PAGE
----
Harnessing Ambient Electromagnetic Energy: Power From Thin Air!

Posted: July 16th, 2011 | Author: | Filed under: Applied Science, Cankler, Engineered Life, Science, Tecnoid | Tags: , , , , , , , , | Comments Off on Harnessing Ambient Electromagnetic Energy: Power From Thin Air!

Researchers at Georgia Institute of Technology have demonstrated – at the IEEE conference July 6 – technology capable of harnessing ambient electromagnetic energy that pervades our modern world. By taking advantage of the transmitters that are already covering modern cities power is extracted from thin air. In a sense turning mobile phone base stations, tv transmitters and radio station transmitters into micro power stations. While this technology only provides very small amounts of power it is enough to power simple sensors and devices, eventually as the technology develops more advanced electronics may be powered, we may eventually see self-powered bumper stickers telling us to back the f off.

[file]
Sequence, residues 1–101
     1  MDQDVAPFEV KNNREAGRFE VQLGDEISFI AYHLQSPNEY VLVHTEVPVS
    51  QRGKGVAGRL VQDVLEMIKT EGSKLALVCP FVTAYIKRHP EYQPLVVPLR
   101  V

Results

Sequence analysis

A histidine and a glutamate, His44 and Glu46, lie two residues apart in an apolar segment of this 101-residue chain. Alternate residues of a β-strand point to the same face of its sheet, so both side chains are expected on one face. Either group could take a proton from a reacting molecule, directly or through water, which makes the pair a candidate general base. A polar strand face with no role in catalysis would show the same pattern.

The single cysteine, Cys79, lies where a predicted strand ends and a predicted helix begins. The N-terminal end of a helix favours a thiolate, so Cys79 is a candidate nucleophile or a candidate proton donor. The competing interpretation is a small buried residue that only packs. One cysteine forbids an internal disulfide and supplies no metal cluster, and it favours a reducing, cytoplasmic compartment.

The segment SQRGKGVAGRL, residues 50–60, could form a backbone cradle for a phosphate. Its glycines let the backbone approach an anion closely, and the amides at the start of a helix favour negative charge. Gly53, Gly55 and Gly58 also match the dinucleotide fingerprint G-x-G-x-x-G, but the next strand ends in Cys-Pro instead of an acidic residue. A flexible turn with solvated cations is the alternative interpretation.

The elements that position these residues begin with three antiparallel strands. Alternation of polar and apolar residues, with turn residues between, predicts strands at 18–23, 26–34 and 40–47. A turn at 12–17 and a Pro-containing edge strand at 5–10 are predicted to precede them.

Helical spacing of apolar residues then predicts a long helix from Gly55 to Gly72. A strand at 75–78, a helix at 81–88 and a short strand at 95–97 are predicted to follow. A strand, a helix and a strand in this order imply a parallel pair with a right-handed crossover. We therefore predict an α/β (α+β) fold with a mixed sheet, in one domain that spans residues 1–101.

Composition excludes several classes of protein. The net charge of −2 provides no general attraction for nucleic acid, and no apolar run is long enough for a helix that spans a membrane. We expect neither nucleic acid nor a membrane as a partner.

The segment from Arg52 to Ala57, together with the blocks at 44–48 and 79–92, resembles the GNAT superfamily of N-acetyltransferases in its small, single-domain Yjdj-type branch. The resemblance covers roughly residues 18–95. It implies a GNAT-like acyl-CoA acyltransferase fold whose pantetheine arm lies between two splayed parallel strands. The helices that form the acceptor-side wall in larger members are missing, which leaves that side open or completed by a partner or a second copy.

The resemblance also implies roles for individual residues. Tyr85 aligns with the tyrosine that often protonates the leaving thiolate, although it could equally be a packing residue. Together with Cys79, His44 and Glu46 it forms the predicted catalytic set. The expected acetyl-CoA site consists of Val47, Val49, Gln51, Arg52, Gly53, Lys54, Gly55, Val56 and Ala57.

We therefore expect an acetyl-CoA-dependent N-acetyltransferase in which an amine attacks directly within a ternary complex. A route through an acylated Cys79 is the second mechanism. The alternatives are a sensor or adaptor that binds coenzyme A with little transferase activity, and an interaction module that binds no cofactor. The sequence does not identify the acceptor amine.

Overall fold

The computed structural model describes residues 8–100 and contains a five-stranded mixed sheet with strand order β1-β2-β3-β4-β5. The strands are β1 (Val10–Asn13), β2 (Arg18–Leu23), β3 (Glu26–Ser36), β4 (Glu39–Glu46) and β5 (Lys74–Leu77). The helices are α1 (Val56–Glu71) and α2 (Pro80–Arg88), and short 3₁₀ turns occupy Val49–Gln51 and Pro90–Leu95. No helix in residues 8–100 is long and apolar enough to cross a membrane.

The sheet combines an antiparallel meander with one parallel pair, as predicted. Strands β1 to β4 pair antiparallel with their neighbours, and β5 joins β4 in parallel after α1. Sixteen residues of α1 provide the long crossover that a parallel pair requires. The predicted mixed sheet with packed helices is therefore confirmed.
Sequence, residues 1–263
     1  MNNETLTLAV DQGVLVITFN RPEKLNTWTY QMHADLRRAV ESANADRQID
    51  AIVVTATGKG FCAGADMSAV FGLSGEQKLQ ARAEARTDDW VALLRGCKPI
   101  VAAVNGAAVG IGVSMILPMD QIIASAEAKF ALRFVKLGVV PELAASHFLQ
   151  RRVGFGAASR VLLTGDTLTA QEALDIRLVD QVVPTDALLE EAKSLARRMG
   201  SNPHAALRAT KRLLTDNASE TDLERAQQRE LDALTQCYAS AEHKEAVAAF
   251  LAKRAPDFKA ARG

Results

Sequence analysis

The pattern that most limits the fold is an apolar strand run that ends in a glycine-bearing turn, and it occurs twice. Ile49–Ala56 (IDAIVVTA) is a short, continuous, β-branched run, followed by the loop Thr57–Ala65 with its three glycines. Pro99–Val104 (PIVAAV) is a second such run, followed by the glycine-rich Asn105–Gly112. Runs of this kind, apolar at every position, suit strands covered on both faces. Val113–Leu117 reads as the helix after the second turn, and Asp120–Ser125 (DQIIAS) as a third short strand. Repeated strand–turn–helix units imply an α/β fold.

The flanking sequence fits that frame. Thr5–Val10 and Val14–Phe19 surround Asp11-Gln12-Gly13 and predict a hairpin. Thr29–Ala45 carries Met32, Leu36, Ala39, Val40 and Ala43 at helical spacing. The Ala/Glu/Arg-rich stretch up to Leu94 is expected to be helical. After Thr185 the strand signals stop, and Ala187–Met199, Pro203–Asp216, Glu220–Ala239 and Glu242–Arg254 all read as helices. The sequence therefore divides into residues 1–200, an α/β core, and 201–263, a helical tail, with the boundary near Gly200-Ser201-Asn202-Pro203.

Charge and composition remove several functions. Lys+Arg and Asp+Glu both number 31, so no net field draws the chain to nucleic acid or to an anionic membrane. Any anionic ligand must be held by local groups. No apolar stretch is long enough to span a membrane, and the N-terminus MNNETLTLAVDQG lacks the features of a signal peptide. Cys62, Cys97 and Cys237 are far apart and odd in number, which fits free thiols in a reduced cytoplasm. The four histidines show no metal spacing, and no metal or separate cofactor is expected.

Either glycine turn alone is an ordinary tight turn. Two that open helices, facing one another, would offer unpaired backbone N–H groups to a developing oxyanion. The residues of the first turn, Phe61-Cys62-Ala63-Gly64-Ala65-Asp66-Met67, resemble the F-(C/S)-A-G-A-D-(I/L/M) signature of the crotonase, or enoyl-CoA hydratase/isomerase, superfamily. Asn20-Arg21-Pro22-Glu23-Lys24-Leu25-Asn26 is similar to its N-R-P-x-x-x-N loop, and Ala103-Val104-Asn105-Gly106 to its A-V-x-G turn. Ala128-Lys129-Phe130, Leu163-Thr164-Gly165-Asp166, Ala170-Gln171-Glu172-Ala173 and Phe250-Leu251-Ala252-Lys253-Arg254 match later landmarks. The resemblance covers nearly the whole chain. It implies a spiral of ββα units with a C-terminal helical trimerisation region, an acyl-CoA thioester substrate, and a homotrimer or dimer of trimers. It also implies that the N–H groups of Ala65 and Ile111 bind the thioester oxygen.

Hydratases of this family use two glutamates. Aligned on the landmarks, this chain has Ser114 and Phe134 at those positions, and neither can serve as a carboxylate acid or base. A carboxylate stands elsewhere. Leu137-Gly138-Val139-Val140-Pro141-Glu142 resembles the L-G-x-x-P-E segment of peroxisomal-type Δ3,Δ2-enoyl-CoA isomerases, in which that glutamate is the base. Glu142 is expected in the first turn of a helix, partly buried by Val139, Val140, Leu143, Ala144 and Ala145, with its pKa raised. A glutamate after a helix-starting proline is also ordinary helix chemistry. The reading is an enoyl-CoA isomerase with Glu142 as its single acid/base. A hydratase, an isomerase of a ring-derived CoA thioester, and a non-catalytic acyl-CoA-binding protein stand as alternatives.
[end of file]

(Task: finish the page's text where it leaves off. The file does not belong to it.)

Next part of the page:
“There is a large amount of electromagnetic energy all around us, but nobody has been able to tap into it,” said Manos Tentzeris, a professor in the Georgia Tech School of Electrical and Computer Engineering who is leading the research. “We are using an ultra-wideband antenna that lets us exploit a variety of signals in different frequency ranges, giving us greatly increased power-gathering capability.” Read the full article »»»»